Natural mineral water can be clearly distinguished from ordinary drinking water:

    (a) by its nature, which is characterised by its mineral content, trace elements or other constituents and, where appropriate, by certain effects;

    (b) by its original purity,

    both characteristics having been preserved intact because of the underground origin of such water, which has been protected from all risk of pollution.

    2. The characteristics referred to in point 1, which may give natural mineral water properties favourable to health, shall have been assessed:

    (a) from the following points of view:

    (i) geological and hydrological;

    (ii) physical, chemical and physico-chemical;

    (iii) microbiological;

    (iv) if necessary, pharmacological, physiological and clinical;

    (b) according to the criteria listed in Section II;

    (c) according to scientific methods approved by the responsible authority.

    The analyses referred to in point (a)(iv) of the first subparagraph may be optional where the water presents the compositional characteristics on the strength of which it was considered a natural mineral water in the Member State of origin prior to 17 July 1980. This is the case in particular when the water in question contains, per kg, both at source and after bottling, a minimum of 1 000 mg of total solids in solution or a minimum of 250 mg of free carbon dioxide.

    3. The composition, temperature and other essential characteristics of natural mineral water shall remain stable within the limits of natural fluctuation; in particular, they shall not be affected by possible variations in the rate of flow.

    Within the meaning of Article 5(1), the normal viable colony count of natural mineral water means the reasonably constant total colony count at source before any treatment, the qualitative and quantitative composition of which, as taken into account in the recognition of that water, is checked by periodic analysis.

Note: The original EU Rule 1980/777 for bottling of mineral water was amended several times and has now been replaced by this changed and more flexible/less stringent set of rules for spring/mineral water bottling.

Some of these changes came about due to newer member states of EU (such as UK) having some rules which were more lenient than EU Rule 777, and requiring changes to Rule 777 to not disadvantage some mineral water producers in UK and other newer EU States.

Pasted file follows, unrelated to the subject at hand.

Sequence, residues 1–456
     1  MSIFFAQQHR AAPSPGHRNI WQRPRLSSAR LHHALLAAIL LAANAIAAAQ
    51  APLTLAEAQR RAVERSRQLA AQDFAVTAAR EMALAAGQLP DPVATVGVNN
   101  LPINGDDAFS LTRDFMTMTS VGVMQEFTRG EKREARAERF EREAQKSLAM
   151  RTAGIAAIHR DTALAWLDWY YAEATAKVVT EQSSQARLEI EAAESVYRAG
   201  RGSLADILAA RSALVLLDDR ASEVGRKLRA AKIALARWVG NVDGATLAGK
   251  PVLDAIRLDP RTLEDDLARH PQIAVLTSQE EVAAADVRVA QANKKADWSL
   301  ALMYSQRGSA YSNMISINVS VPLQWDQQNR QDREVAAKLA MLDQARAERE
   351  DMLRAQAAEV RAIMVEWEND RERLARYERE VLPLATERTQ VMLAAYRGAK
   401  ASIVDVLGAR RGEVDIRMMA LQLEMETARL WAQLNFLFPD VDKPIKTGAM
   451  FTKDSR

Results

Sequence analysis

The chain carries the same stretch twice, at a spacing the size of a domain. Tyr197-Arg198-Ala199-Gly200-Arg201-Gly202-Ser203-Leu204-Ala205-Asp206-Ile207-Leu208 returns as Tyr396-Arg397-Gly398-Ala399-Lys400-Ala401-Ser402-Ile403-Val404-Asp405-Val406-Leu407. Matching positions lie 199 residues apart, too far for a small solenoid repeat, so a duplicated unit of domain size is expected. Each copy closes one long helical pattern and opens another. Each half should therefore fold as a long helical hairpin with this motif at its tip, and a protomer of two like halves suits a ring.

We now present in its full form the EU Rules of Law 2009/54/EC relating to the bottling of Mineral/Spring water as at June 2009.

26.6.2009   

EN

Official Journal of the European Union

L 164/45

DIRECTIVE 2009/54/EC OF THE EUROPEAN PARLIAMENT AND OF THE COUNCIL

of 18 June 2009

on the exploitation and marketing of natural mineral waters

(Recast)

(Text with EEA relevance)

THE EUROPEAN PARLIAMENT AND THE COUNCIL OF THE EUROPEAN UNION,

Having regard to the Treaty establishing the European Community, and in particular Article 95 thereof,

Having regard to the proposal from the Commission,

Having regard to the opinion of the European Economic and Social Committee,

Acting in accordance with procedure laid down in Article 251 of the Treaty,

Whereas:

(1) Council Directive 80/777/EEC of 15 July 1980 on the approximation of the laws of the Member States relating to the exploitation and marketing of natural mineral waters has been substantially amended several times. Since further amendments are to be made, it should be recast in the interests of clarity.

(2) The laws of the Member States define natural mineral waters. Those laws lay down the terms on which natural mineral waters are recognised as such and govern the conditions for exploiting springs. They furthermore prescribe specific rules for marketing the waters in question.

(3) The differences between those laws hinder the free movement of natural mineral waters, creating disparate competitive situations, and consequently directly affect the functioning of the internal market.

(4) In this particular case, the elimination of these barriers may be achieved both by an obligation on each Member State to allow the marketing in its territory of the natural mineral waters recognised as such by each of the other Member States and by laying down common rules concerning in particular the microbiological requirements to be fulfilled and the conditions in which specific names must be used for certain of the mineral waters.

(5) The primary purposes of any rules on natural mineral waters should be to protect the health of consumers, to prevent consumers from being misled and to ensure fair trading.

(6) Pending the conclusion of agreements on mutual recognition of natural mineral waters between the Community and third countries, the terms should be laid down on which, until implementation of those agreements, similar products imported from third countries may be allowed to enter the Community as natural mineral waters.